The localStorage API is available as window.localStorage and can save only UTF-16 strings. We must make sure to convert data to strings before saving it into localStorage. The main three functions are:

  • setItem('key', 'value')
  • getItem('key')
  • removeItem('key')

They’re all synchronous, which makes it simple to work with, but they block the main thread.

It’s worth mentioning that localStorage has a twin called sessionStorage. The only difference is that data stored in sessionStorage will last only for the current session, but the API is the same.

Let’s see it in action. The first example demonstrates how to use localStorage for storing the user’s preferences. In our case, it’s a boolean property that turns on or off the dark theme of our site.

You can check the checkbox and refresh the page to see that the state is saved across sessions. Take a look at the save and load functions to see how I convert the value to string and how I parse it. It’s important to remember that we can store only strings.

This second example loads Pokémon names from the PokéAPI.

We send a GET request using fetch and list all the names in a ul element. Upon getting the response, we cache it in the localStorage so our next visit can be much faster or even work offline. We have to use JSON.stringify to convert the data to string and JSON.parse to read it from the cache.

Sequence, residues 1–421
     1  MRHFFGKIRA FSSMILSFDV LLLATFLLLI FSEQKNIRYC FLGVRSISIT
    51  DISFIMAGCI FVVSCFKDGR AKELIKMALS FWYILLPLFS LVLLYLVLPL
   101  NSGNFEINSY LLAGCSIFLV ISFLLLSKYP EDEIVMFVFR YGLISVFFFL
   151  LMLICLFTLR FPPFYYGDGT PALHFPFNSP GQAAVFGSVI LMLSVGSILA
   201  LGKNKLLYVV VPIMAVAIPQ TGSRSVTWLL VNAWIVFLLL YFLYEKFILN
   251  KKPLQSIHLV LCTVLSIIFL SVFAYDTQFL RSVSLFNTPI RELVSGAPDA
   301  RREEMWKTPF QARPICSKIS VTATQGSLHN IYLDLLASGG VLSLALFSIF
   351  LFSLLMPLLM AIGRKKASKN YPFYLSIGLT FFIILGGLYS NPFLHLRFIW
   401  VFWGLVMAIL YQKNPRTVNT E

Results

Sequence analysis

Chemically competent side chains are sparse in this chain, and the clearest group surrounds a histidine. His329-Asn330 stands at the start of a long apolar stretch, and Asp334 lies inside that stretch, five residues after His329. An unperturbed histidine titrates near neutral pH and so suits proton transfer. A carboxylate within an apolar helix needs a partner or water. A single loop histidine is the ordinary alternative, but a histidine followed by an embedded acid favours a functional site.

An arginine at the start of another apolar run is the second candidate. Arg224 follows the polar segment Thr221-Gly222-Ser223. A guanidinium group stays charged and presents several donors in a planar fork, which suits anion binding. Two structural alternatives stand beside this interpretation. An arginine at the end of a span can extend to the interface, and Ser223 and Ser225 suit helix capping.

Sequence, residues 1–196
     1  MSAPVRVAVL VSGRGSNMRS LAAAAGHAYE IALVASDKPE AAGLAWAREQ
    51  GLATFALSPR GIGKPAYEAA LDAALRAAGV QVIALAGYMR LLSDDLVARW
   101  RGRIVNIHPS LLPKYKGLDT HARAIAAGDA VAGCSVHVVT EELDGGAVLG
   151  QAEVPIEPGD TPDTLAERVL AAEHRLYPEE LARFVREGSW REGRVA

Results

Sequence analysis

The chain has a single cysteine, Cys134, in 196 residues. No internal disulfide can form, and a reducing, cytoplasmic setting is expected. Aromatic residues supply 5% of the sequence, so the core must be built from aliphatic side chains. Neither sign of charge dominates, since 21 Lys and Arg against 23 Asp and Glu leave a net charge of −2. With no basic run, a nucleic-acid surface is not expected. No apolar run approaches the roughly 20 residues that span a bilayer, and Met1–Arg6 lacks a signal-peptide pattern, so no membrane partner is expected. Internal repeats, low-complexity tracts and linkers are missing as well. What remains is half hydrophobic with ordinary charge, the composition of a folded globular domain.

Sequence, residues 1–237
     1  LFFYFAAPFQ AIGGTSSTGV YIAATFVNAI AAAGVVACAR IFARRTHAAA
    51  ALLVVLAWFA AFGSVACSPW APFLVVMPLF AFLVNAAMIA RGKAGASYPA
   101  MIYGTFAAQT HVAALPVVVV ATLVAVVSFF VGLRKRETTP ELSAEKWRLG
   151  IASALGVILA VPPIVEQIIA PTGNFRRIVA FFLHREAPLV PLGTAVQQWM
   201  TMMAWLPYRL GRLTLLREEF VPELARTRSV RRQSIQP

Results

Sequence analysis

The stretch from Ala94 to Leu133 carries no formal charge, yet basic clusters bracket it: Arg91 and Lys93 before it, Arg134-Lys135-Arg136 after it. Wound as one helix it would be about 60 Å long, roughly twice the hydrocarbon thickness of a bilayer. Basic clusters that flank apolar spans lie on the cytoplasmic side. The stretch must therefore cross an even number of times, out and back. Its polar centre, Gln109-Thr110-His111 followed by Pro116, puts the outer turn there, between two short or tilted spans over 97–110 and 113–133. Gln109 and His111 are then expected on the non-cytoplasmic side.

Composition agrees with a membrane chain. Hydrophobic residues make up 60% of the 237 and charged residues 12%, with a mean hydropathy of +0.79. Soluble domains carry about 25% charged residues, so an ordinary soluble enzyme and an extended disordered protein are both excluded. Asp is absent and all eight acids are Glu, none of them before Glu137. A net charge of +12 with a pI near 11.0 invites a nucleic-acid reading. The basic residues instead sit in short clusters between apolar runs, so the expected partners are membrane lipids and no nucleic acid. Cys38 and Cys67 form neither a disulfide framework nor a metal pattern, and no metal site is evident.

In this last example, I demonstrate a use case where the user can browse through different Pokémon pages, and the current page is saved for the next visits.

The issue with localStorage, in this case, is that the state is saved locally. This behavior doesn’t allow us to share the desired page with our friends. Later, we will see how to overcome this issue.

We will use these three examples in the next storage options as well. I forked the Pens and just changed the relevant functions. The overall skeleton is the same for all methods.

The IndexedDB API

IndexedDB is a modern storage solution in the browser. It can store a significant amount of structured data — even files, and blobs. Like every database, IndexedDB indexes the data for running queries efficiently. It’s more complex to use IndexedDB. We have to create a database, tables, and use transactions.

Compared to localStorage , IndexedDB requires a lot more code. In the examples, I use the native API with a Promise wrapper, but I highly recommend using third-party libraries to help you out. My recommendation is localForage because it uses the same localStorage API but implements it in a progressive enhancement manner, meaning if your browser supports IndexedDB, it will use it; and if not, it will fall back to localStorage.

Let’s code, and head over to our user preferences example!

idb is the Promise wrapper that we use instead of working with a low-level events-based API. They’re almost identical, so don’t worry. The first thing to notice is that every access to the database is async, meaning we don’t block the main thread. Compared to localStorage, this is a major advantage.